if there was greater gender diversity in the Irish banking sector, would Ireland have weathered financial storms any better than it did?
IMF Chief Christine Legarde once posed the question ‘if Lehman brothers had been Lehman brothers and sisters, would we have had the level of financial crisis that we did?’.
A new documentary, produced by Angie Mezzetti, and broadcasting on Newstalk on Saturday 5th November 2016 at 7am, Repeated at 10pm: Banking On Women, explores this possibility. It also asks what can Ireland learn from international research and changing practices to ensure the banking sector will survive into the future. The opinion and experience of various expert contributors is looked at here in Ireland and in the UK. Also in the documentary the particular experience in Norway is examined where they weathered the recent financial crisis better than most countries.
According to Ed Sibley Director Credit Institutions Central Bank of Ireland, “experts such as Christine Lagarde, head of the IMF, have stated that the lack of gender diversity was a contributing factor to the recent financial crisis.” Sibley believes that “it is certainly the case that from a diversity perspective, senior management in the banks operating in Ireland are not representative of the demographics of the country.” He says in the programme that “considering the factors that impact on long term sustainability of business models and banks is important, and there is evidence that diversity has a role to play or is a significant factor.”
‘Sustainability’ is the key word that surfaces over and over again about the Irish banking system in interviews from contributors about the aspect of gender and the banking and financial sector. Without more diversity -particularly gender diversity- at senior ranks and at board level in Irish banks, in the long term the banks are not sustainable according to much of the international research.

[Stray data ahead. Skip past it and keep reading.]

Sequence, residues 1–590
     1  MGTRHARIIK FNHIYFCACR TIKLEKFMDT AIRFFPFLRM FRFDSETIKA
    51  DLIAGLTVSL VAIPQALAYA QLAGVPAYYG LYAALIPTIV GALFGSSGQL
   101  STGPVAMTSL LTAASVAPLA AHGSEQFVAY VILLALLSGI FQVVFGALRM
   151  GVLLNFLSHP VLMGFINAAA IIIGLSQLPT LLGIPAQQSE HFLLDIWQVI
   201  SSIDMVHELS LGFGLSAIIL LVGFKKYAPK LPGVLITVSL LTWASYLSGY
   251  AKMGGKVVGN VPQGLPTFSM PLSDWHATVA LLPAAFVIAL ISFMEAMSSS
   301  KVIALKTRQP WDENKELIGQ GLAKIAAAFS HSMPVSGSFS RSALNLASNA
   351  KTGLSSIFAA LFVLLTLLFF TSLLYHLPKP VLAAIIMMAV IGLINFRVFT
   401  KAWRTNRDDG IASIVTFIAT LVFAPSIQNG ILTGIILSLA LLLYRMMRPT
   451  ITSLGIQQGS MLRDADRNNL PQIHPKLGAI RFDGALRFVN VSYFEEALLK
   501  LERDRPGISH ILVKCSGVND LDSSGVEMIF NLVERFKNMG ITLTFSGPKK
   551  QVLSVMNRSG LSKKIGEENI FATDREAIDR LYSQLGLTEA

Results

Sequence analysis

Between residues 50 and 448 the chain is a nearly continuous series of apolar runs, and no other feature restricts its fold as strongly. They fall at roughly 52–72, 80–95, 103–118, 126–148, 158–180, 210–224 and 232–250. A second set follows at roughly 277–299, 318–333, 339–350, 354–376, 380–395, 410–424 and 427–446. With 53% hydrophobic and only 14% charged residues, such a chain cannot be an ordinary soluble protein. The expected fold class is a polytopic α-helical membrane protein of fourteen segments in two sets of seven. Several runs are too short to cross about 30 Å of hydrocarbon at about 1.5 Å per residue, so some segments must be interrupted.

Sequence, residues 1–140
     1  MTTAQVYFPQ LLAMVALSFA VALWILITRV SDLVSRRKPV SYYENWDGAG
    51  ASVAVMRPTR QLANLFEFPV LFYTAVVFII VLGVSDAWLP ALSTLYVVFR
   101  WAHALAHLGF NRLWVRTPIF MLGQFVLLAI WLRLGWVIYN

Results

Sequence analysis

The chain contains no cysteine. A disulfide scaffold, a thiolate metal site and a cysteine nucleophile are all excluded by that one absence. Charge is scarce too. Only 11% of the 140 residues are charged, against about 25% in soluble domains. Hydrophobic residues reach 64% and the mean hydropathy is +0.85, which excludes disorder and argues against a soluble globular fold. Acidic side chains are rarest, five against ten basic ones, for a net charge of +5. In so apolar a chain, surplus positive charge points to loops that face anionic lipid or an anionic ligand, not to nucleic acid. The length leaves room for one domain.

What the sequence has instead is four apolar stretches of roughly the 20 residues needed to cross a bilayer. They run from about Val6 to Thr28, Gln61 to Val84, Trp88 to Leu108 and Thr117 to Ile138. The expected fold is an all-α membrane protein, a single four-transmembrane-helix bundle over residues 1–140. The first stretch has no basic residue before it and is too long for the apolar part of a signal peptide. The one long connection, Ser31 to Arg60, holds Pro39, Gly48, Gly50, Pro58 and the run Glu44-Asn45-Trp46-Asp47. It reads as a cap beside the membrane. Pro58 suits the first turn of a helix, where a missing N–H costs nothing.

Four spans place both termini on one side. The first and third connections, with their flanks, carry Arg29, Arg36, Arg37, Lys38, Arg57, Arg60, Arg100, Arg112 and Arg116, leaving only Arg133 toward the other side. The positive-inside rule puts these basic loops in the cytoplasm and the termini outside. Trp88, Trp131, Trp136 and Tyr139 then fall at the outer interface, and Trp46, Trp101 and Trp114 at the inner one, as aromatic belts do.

Dr. Mary Murphy of NUIM Maynooth says there was an opportunity missed in the banking inquiry because there was no examination of the impact of gender on the Irish financial crisis. “If you don’t look for gender in the story, you are not going to see the full story and if you don’t see the full story then you are not going to learn the full range of lessons that might be learnt.”
The documentary looks back to see what the Oireachtas Banking Inquiry can tell us about the role of gender in the Irish financial crisis. Susan O’Keeffe former Labour Party Senator was the only woman on the Oireachtas Inquiry into the Banking Sector and she recalls rarely seeing a woman coming into the inquiry. “I think there were a lot of men who knew each other, who were friends with each other, who looked after each other, who brought people into boards that they knew from other businesses, or from playing rugby or football, and they were a large club all of their own, maybe they didn’t realise it but that’s what they did do. They all looked remarkably similar, they all sounded remarkably similar and there were hardly any women,” she says.